BMR Vs TDEE: What's The Difference?

If you've ever tried to find out how many calories your body burns in a day — not through exercise, just over the normal course of your daily living — you've likely used some type of online calculator. The two most commonly used options are the Basal Metabolic Rate (BMR) and the Total Daily Energy Expenditure (TDEE) calculators, and there's one major difference between the two.

Basal metabolic rate (BMR) — often used interchangeably with resting metabolic rate (RMR) — technically only accounts for the amount of calories you burn in the day as a sedentary person, using the Harris and Benedict equation. Rather than doing the entire formula on your own, you can use an online calculator like the one found at to plug in your height, weight, age, and gender to find out how many calories you burn each day at rest. Of course, this calculation is an inexact measurement, since it doesn't take into account your genetics, your body composition, or of course, your activity levels, but it's a good starting point. If you really want an exact number of calories burned, you'll need to find a test facility that measures BMR (via ACE).

What is daily energy expenditure?

On the other hand, Total Daily Energy Expenditure, or TDEE, takes into account the work that you've done throughout the day and applies it to the BMR calculation. This is a better way to gauge how many calories you need to eat in order to lose weight, stay at the same weight, or even to gain weight. The TDEE Calculator asks the same information as the BMR one — height, weight, gender, and age — but adds a question about your activity level, ranging from sedentary to light exercise to regular exercise to athlete. The activity level then multiplies your BMR by a certain percentage in order to account for your daily activities that burn calories.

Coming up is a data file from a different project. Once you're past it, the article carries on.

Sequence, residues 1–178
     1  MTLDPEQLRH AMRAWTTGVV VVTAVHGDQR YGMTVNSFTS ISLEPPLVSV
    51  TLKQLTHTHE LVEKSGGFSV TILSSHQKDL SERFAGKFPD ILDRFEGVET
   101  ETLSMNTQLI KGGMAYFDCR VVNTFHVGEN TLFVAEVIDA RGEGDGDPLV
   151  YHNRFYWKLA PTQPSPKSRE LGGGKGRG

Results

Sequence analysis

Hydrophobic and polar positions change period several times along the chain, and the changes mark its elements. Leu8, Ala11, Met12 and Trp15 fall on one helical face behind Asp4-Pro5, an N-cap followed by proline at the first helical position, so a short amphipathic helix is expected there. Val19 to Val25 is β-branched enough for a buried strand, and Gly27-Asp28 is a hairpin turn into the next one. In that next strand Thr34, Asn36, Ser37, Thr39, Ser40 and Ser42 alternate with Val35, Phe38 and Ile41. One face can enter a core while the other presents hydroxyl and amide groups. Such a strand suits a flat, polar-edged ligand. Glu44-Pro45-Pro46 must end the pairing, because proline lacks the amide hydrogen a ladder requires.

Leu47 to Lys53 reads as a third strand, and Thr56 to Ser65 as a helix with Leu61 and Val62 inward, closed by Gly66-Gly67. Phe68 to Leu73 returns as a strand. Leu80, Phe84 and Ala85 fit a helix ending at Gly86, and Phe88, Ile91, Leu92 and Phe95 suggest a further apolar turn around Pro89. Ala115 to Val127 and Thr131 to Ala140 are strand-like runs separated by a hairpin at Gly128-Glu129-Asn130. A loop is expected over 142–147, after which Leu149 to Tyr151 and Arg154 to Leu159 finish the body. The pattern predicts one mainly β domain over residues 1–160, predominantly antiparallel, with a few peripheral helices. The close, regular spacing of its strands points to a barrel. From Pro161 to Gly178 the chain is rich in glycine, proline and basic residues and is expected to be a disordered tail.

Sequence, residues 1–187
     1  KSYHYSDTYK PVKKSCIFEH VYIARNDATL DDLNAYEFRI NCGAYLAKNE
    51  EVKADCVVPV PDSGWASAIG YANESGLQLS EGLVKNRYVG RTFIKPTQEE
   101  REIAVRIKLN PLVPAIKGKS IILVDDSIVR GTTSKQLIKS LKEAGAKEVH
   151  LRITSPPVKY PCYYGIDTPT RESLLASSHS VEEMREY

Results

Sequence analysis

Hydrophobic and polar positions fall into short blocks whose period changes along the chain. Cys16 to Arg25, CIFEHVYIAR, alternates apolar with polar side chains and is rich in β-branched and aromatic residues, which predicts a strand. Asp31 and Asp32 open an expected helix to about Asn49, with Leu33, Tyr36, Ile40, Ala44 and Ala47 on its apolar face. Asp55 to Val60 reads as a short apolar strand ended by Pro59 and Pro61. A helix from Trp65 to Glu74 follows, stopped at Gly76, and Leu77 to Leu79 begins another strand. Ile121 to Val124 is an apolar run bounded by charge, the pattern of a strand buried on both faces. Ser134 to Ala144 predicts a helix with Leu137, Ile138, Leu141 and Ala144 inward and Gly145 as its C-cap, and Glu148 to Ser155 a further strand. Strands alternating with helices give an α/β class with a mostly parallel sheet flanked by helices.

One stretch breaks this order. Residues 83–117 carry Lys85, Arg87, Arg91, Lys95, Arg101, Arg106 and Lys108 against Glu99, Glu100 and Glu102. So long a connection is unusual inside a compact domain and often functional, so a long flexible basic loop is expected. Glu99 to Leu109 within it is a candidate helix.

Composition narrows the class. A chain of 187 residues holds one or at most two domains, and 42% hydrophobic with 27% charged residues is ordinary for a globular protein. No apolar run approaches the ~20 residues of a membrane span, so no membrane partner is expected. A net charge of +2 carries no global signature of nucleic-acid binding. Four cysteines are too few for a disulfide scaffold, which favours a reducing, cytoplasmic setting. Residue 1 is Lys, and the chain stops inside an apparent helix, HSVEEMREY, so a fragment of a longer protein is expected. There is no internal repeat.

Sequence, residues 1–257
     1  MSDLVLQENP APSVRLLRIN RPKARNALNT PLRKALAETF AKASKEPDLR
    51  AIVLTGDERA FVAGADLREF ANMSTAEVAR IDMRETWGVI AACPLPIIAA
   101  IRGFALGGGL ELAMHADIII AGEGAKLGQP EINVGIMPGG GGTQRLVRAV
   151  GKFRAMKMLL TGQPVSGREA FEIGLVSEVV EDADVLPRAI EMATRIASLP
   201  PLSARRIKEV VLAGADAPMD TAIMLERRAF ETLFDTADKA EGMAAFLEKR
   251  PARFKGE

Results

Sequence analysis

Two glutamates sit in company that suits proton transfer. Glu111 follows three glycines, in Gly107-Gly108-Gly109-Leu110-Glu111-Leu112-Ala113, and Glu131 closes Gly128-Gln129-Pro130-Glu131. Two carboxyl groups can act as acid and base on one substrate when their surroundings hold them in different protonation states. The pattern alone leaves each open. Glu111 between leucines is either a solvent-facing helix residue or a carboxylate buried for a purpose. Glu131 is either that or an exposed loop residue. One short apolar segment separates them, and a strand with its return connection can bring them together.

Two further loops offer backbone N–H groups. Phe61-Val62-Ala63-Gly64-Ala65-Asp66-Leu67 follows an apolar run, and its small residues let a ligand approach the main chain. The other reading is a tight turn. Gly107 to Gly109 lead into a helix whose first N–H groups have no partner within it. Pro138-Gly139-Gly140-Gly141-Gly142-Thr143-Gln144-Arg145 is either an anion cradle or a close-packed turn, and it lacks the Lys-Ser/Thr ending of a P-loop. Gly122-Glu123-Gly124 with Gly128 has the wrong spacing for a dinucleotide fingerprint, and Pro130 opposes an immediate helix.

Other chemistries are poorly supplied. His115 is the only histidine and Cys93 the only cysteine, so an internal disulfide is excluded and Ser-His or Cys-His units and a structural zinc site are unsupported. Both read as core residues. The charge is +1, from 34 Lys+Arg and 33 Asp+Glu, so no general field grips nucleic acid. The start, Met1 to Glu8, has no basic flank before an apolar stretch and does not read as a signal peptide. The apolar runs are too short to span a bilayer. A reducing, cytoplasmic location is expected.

For example, a 35-year-old man who weighs 150 pounds who is sedentary would only need 1,927 calories to maintain his current weight, but if that man was doing heavy amounts of activity, he would need 2,770 calories to maintain his current weight. 

Checking your BMR and not taking into account your activity can be a problem, especially if you have a job that involves a lot of movement, or you're training hard most days at the gym, since you may need more calories in your diet. And again, remember that these are just rough calculations, not hard and fast rules (via Healthline).